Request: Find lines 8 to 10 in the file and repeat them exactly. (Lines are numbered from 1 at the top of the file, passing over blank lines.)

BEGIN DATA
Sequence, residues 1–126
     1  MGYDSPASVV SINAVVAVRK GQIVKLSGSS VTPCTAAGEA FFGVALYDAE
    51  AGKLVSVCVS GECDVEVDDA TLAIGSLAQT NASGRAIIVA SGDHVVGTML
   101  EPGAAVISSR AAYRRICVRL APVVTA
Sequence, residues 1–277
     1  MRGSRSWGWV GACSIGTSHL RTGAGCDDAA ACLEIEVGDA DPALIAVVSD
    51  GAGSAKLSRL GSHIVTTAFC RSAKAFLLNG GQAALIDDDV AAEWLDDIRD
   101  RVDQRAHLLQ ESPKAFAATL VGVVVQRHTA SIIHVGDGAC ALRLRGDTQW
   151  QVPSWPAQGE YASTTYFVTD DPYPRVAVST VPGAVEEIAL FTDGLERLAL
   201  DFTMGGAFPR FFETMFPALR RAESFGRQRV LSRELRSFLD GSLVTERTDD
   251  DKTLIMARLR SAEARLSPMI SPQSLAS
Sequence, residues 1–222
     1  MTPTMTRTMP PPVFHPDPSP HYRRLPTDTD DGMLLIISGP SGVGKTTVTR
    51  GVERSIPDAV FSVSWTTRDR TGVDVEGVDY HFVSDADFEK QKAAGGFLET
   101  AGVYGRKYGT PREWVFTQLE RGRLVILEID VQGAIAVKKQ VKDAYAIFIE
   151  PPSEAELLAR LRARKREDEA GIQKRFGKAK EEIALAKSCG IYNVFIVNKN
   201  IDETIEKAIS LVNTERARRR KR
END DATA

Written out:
   101  RVDQRAHLLQ ESPKAFAATL VGVVVQRHTA SIIHVGDGAC ALRLRGDTQW
   151  QVPSWPAQGE YASTTYFVTD DPYPRVAVST VPGAVEEIAL FTDGLERLAL
   201  DFTMGGAFPR FFETMFPALR RAESFGRQRV LSRELRSFLD GSLVTERTDD